Living in poverty means skipping trips to the grocery store to pay the rent. It means going without food so your children can eat. It means being twice as likely to drop out of high school. It means having health problems. It also means living in isolation if not being completely alone.

Poverty and social exclusion can affect anyone at any time. These things can even happen to someone you know: a family member, a neighbour, a co-worker or a friend.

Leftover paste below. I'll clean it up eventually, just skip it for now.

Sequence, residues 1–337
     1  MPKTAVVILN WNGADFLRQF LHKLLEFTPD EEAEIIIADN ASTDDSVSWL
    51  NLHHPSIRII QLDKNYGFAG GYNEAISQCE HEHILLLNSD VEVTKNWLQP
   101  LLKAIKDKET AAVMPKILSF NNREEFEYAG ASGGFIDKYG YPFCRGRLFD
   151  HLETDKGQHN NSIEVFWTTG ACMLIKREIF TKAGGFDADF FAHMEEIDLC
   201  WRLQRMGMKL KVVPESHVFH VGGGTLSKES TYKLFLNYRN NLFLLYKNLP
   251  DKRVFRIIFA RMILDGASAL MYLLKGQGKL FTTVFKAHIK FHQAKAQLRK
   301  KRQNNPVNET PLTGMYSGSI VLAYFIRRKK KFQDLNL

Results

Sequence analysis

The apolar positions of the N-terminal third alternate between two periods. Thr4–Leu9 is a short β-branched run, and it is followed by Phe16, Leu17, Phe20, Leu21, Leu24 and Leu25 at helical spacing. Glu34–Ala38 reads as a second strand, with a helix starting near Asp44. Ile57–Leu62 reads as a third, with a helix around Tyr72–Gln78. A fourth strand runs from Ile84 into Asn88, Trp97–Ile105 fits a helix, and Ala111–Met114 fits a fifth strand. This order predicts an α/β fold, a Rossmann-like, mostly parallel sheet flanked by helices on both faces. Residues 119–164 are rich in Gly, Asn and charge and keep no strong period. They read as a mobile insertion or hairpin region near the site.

Life events like losing your job, separating from your spouse or getting sick can hit you when you least expect it.

We must remember that poverty is anything but a choice, and it has a much greater impact than simply having to stretch your budget. Poverty directly affects childhood development and leaves a mark on individual health.